This One Goes to Twelve
This wasn’t what we expected. Bob Dylan tried to sell you a car. Prince promoted his appearance on a sitcom. And Richard Sherman ended up being pretty nice. And the game? Well, that was all about the number twelve. Seattle brought their 12th man. It turned out the game was basically over after 12 seconds when Seattle scored a safety. Marshawn Lynch scored a touchdown with 12 minutes remaining in the first half. And Percy Harvin put the game away with his kickoff return for a touchdown — that was scored exactly 12 seconds into the third quarter. Thanks to legalized weed, none of the celebrations on the streets of Seattle got too out of hand. Instead of overturning burning cars, rioting Seattle fans just overturned a bowl of Doritos.
+ From the cranked-up rap music playing during their practices to a crushing game, the weekend was all about the Seahawks. For a good roundup, here’s Peter King’s Monday Morning Quarterback.
+ The pre-game social media chatter was dominated by talk of Joe Namath‘s fur coat. It was a redux of the look he rolled out in 1971, but this time he looked so ridiculous in that fur coat that PETA probably sees the display of the pelt as a net positive.
+ Peyton Manning was asked if he was embarrassed: “It’s not embarrassing at all. I would never use that word. The word ‘embarrassing’ is an insulting word, to tell you the truth.” In this case, I think that word is putting it pretty gently.
+ Lose money on your big game bets? Don’t feel bad. Most of the famous animal prognosticators got it wrong too. Although Eli the Ape managed to make it seven straight.
“Fewer scantily clad ladies. No chimpanzees at all. Only a single flatulence joke.” Slate’s Seth Stevenson provides a pretty accurate Super Bowl Ad Report Card.
+ Here’s a look at which ads won the social media wars.
+ And finally, you probably didn’t see the best Super Bowl commercial, which only aired in Georgia.
When Harry Met Sally at Barney’s
In NYC, a Barney’s store is set to replace a Loehmann’s. It’s a metaphor for an economic trend that retailers know all too well. The middle class is steadily eroding.
+ One metric behind the trend: Educated people marrying other educated people. From The Atlantic, How When Harry Met Sally Explains Inequality. Maybe I won’t have what she’s having.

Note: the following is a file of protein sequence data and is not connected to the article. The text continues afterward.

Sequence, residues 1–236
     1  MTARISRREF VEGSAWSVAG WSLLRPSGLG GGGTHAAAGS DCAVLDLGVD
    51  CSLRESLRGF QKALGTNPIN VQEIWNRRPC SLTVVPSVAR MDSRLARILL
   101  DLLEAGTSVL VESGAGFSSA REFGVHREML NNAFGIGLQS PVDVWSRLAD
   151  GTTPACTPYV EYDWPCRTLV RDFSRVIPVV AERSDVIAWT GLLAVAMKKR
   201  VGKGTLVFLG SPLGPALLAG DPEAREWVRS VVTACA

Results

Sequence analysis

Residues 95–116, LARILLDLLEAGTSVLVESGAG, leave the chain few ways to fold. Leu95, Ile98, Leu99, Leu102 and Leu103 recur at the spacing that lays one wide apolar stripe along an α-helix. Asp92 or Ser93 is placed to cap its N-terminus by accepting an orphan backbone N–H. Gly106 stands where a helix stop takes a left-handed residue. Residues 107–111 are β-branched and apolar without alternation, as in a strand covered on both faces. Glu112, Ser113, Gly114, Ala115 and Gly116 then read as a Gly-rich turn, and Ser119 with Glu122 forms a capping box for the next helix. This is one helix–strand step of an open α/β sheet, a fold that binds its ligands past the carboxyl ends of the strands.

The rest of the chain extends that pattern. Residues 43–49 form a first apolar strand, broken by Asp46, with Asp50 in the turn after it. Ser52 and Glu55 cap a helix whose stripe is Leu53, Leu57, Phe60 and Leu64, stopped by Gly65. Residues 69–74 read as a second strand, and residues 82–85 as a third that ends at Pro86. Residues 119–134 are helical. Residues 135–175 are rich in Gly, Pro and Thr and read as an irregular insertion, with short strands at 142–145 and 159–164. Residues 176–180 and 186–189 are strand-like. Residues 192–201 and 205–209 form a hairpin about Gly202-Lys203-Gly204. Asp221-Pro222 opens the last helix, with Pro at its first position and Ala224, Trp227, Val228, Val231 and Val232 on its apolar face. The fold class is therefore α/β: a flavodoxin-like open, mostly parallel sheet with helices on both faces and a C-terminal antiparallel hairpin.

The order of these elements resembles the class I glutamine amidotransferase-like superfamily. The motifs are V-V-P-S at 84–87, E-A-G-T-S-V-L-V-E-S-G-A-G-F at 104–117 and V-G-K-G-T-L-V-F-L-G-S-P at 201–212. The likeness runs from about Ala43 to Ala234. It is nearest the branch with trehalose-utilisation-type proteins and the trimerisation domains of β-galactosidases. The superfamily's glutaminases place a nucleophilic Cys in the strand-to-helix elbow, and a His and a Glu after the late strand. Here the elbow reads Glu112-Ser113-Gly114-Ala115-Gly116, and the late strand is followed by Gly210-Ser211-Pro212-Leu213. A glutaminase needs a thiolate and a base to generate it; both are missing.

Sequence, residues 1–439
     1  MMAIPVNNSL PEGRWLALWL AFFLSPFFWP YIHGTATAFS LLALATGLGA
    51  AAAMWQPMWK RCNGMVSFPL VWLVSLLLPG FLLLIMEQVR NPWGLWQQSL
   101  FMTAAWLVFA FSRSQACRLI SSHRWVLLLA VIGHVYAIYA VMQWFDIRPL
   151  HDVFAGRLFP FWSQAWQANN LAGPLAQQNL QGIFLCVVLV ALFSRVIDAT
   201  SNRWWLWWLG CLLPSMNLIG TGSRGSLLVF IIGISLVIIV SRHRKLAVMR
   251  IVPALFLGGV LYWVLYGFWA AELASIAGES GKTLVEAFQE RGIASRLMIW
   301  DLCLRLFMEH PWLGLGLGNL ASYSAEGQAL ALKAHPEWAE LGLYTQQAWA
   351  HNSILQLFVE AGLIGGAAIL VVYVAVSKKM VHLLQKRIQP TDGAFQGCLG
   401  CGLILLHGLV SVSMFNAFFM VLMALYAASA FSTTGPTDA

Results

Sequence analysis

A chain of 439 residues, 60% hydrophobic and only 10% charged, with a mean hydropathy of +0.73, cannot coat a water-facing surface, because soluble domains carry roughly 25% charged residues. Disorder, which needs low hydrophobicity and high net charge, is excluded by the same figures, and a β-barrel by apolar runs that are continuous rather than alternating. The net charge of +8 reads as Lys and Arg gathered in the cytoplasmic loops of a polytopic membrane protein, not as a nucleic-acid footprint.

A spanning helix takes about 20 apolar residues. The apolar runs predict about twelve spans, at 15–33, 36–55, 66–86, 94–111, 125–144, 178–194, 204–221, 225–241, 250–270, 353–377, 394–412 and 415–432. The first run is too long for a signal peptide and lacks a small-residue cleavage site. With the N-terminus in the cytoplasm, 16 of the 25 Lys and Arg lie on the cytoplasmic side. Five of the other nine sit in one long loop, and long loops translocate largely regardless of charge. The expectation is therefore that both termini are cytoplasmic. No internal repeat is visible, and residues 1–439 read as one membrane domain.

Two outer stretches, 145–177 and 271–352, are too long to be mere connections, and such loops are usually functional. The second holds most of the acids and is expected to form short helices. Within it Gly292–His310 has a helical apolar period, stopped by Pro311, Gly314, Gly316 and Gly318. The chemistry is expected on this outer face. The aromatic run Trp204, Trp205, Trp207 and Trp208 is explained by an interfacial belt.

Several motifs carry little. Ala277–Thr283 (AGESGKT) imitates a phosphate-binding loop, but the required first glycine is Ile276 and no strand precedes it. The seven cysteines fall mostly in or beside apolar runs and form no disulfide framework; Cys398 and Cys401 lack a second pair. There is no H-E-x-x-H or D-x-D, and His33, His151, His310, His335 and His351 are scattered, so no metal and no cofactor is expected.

In order to reduce the number of collisions on the road, the federal government wants to require car manufacturers to install technology that will essentially enable cars to talk to each other.
+ We have a horn (and associated gestures) to let other drivers know when we’re mad. Maybe a lot of road rage incidents could be avoided if cars also offered a way to let others on the road know when we’re sorry.
+ The man for whom they made the three million mile badge.
The Needle and the Damage Done
From the NYT: “Philip Seymour Hoffman, perhaps the most ambitious and widely admired American actor of his generation, who gave three-dimensional nuance to a wide range of sidekicks, villains and leading men on screen and embraced some of the theater’s most burdensome roles on Broadway, died on Sunday.”
+ When the news of Hoffman’s death first broke, many people exchanged this quote: “The only true currency in this bankrupt world is what you share with someone else when you’re uncool.” That quote is actually from Hoffman’s character in the movie Almost Famous. It makes sense that we’d confuse Hoffman with his one of his characters. As Richard Brody explains in The New Yorker: “For those who didn’t know him personally (I never met him), the horror is inseparable from art — the love of his performances, the acknowledgment that there’s nothing more of them beside what’s in the can, and the sense that the torment and the talent are inseparable.” (It’s a tribute to Philip Seymour Hoffman that so many people have delivered such beautiful and well-written obituaries. Art begets art.)
+ Seventy bags of heroin were found in Hoffman’s apartment. The NYPD is now on the hunt for the person who sold the drugs.
+ Esquire: Philip Seymour Hoffman’s final secret.
“What’s your favorite Woody Allen movie? Before you answer, you should know: when I was seven years old, Woody Allen took me by the hand and led me into a dim, closet-like attic on the second floor of our house.” An open letter from Dylan Farrow.
+ From Woody Allen’s documentarian: The Woody Allen Allegations: Not So Fast.
Going For The Gold
“Whatever happens on the ice and snow of Sochi in the next couple of weeks, one thing is certain: this Winter Olympics is the greatest financial boondoggle in the history of the Games.” James Surowiecki on The Sochi Effect.
+ Before the opening ceremonies, Sochi city authorities are planning to kill a lot of stray dogs .
Fast Times at Bridge Closing High
Things are getting weirder in New Jersey. After former Port Authority David Wildstein suggested Chris Christie knew more about the bridge lane closings than he said he knew, a leaked email from Christie’s office suggested that folks should be skeptical of Wildstein because “he was publicly accused by his high school social studies teacher of deceptive behavior.”
+ Across the river, NY Mayor Bill de Blasio has his own problem: He’s too tall.
Tweeting Under the Influence
In Conversation: Saturday Night Live’s Lorne Michaels. “I don’t tweet for a very simple reason, which is that I drink.” Funny, that’s often the reason I do tweet.
The Bottom of the News
Arthur Chu did really well on Jeopardy. And he sort of irritated a lot of viewers in the process. That’s what happens when you use game-theory to gain an edge. Where did Chu hone his craft? On the Internet, where else?
+ Did you just get a call from a number you don’t recognize? Don’t call back. It could be a scam.
+ Looks like we’re in for another six weeks of Winter. Punxsutawney Phil saw his selfie.